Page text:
The Science of Listening, A Lesson on Empathy

by Moneika Okawa
how to be more empathetic

It’s another humid day in June. The kind of humid that feels like you’re getting slapped in the face with a damp washcloth the moment you step outside your door. However, I’m not outside. I’m inside, quarantined for the 56th consecutive day, 30 comments deep in a heated debate over a friend’s Facebook post concerning her political stance on wearing a face mask to the grocery store.

In the age of social media, much has been written and speculated about the extinction of empathy in an increasingly digital landscape. Nearly two decades ago, social media was developed for the purpose of connecting people and communities through various platforms of communication. It has since evolved into a Pandora’s box of information, ideas and feelings that constantly shift our brains into a state of sensory overload conversely leaving us feeling more disconnected than AOL dial-up.

Back to the present day, facing a global health crisis and a second civil rights movement, our social channels are now bombarded with a surplus of performative activists, aunts that share far too much and algorithmically curated content to nourish our one-sided views. Without hesitation, our programmed impulse stirs us to argue or “clap back” against anything or anyone that remotely challenges our seasonal opinions.

A couple of days after a relentless debate on Facebook, my friend relayed to me that she no longer wanted to continue our relationship. What seemed to me like a standard petty argument on social media led to the termination of a 17-year-long friendship and I was genuinely at a loss of overused comebacks. My mind transported back to one of the fundamental exercises we were taught to practice in elementary school when we struggled to see eye to eye with a classmate.

Try putting yourself in their shoes. One of our first lessons on empathy.

Empathy, at its simplest, is the ability to understand and share the feelings of another. According to a recent New York Times article, titled, “How to Be More Empathetic” neuroscientists state that empathy occurs when both sides of the brain work together. “The emotional center perceives the feelings of others and the cognitive center tries to understand why they feel that way and how we can be helpful to them.”

Empathy involves a curiosity for the perspectives of individuals not only within our own secure social circles, but more importantly of those who exist outside of them. Perhaps this includes coworkers who have fallen victim to a history of systematic racism, small business owners who have lost their hard-earned jobs due to the economic crash, nurses who don’t have the luxury to stay home with their families, and yes, even that friend on Facebook we’ve invested hours of unproductive arguing against because he or she just refuses to wear a face mask while shopping for oat milk.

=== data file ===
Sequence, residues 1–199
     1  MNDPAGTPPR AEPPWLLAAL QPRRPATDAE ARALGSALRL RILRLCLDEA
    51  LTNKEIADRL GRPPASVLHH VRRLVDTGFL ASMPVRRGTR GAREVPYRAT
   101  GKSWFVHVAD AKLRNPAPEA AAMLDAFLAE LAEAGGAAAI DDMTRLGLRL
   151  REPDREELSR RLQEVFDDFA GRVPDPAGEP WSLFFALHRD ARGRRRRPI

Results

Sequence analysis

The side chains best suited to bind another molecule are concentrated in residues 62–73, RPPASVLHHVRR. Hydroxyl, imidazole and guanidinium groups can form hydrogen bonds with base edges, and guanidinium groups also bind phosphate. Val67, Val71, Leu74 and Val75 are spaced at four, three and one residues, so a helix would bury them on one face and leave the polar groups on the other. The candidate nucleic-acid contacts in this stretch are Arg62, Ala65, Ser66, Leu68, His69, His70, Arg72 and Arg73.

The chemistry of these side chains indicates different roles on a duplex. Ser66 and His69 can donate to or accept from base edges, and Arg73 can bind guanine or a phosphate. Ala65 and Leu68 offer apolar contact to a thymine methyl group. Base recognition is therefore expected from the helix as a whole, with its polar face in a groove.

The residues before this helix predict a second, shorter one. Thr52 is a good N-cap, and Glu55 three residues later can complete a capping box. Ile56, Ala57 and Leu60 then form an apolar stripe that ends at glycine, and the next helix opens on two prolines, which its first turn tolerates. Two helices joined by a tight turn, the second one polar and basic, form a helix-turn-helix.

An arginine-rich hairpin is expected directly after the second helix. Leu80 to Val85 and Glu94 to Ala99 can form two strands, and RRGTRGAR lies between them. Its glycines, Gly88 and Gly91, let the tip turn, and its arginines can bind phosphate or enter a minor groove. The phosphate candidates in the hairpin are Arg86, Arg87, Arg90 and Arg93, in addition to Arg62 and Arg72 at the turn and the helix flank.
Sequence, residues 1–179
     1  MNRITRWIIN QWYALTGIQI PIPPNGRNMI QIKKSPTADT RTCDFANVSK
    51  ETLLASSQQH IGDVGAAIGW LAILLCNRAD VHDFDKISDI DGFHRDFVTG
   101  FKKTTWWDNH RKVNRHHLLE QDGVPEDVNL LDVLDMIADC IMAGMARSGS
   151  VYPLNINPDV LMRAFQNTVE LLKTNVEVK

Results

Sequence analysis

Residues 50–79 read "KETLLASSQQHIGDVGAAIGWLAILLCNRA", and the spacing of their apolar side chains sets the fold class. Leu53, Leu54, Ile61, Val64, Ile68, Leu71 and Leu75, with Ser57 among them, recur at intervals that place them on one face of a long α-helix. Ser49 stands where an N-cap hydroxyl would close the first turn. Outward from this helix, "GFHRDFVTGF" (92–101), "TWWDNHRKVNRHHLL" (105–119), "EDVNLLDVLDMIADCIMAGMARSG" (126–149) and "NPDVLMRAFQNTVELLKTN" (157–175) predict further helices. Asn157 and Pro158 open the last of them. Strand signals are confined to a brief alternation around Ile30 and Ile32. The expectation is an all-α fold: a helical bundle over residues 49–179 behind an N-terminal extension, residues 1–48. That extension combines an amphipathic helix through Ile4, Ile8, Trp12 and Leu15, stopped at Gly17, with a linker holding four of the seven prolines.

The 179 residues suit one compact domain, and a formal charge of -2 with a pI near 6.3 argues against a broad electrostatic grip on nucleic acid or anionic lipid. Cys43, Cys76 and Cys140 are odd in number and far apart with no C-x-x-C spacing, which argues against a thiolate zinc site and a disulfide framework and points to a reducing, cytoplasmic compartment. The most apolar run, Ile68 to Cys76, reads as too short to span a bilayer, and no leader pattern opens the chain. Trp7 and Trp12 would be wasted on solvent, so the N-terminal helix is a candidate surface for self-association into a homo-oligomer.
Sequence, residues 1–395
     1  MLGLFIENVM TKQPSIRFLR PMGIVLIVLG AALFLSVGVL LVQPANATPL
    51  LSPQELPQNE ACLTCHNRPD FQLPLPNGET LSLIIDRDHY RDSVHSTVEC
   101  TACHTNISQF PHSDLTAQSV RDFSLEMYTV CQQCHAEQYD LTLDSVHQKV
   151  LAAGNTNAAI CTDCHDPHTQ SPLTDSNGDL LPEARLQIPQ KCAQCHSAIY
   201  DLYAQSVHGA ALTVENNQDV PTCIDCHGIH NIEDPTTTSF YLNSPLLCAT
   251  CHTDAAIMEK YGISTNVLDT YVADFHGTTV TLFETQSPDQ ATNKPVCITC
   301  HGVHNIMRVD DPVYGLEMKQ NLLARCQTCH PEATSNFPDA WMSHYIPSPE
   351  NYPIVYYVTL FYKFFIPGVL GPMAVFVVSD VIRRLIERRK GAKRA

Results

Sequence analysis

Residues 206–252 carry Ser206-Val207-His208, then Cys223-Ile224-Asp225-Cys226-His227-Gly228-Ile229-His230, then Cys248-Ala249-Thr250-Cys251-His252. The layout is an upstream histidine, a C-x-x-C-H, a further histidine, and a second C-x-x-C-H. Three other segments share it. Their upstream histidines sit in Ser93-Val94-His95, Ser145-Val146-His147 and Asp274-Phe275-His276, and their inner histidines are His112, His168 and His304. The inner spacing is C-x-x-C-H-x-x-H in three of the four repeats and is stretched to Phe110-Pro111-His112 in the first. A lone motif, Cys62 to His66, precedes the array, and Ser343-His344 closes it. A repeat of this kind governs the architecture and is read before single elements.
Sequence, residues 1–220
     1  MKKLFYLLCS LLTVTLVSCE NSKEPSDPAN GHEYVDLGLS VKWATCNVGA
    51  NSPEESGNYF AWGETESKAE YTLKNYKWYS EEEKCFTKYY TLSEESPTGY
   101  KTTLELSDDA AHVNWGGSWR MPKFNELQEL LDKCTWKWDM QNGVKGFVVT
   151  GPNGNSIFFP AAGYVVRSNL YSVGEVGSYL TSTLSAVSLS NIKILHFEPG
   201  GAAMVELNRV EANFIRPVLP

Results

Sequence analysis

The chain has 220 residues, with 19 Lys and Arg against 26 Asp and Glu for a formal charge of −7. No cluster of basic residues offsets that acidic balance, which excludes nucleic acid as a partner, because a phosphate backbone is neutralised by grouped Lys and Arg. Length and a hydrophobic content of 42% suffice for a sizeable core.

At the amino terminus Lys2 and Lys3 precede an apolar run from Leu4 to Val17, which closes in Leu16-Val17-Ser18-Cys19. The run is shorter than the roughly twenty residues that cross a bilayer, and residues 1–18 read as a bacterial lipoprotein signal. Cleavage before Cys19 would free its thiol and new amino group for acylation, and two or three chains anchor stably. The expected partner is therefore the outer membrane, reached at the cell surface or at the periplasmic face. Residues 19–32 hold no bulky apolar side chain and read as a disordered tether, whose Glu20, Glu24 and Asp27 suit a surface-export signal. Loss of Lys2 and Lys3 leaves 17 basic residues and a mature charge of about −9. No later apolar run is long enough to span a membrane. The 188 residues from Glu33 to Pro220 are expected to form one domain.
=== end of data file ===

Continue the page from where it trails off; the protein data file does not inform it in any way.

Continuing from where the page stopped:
Photo by Robin Worrall

Empathy is our most effective and influential communicative skill that has been wired into our brains since we learned how to tie our shoes, and yet we find it increasingly harder to put that elementary principle into effect as we scroll through our social media feeds.

The Science of Listening

So how can we improve our ability to empathize in an increasingly divisive culture? A 2017 study at Yale explored how empathic accuracy can be enhanced through voice-only communication.

Simply put, through listening.

In this study, five experiments were conducted to test the hypothesis that voice-only communication would elicit higher rates of empathic accuracy in comparison to vision-only and multisensory communication. Two of these experiments involving digital recordings. They revealed that voice-only communication is particularly likely to enhance empathic accuracy through increased focused attention on the linguistic and paralinguistic vocal cues that accompany speech.

These findings did not necessarily discredit the value of visual and non-verbal cues, generally perceived as our primary forms of conveying emotion; they revealed that through isolated attention on the tone, pitch and fluctuations of the voice alone, subjects were able to detect an even deeper and more intimate sense of emotion.

Don’t Underestimate Emotional Tone

While most of us have experienced the emotional repercussions of reading aggressive words through a text or seeing a somber facial expression on a loved one, we cannot underestimate the power found through hearing the emotionally-heightened tones of the voices behind those text messages and faces.

I honestly couldn’t remember the last time I actually heard my friend’s voice or conversed with her outside of a text, DM or comment. Maybe if either of us had taken a moment to use our phone for its primitive function, we would have been able to hear the similarities in our underlying emotions and look beyond our differences of opinion.

While the internet has reinvented our modes of communication, it has not redefined the basic principles of how we were taught to communicate with one another. If we really want to treat our empathy deficit disorders, we need to bring that elementary idiom back to light.  Try on each other’s shoes—even if they are a bit uncomfortable, or painful to squeeze into.

Perhaps, instead of tapping the send button on that cleverly drafted clap back. We should open our phones. Hit the call button and open our ears to the human voice behind the receiving end of that punchline. We may actually make a friend, or better yet, keep the ones we have.

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Cheese enthusiast and friend to all cats.

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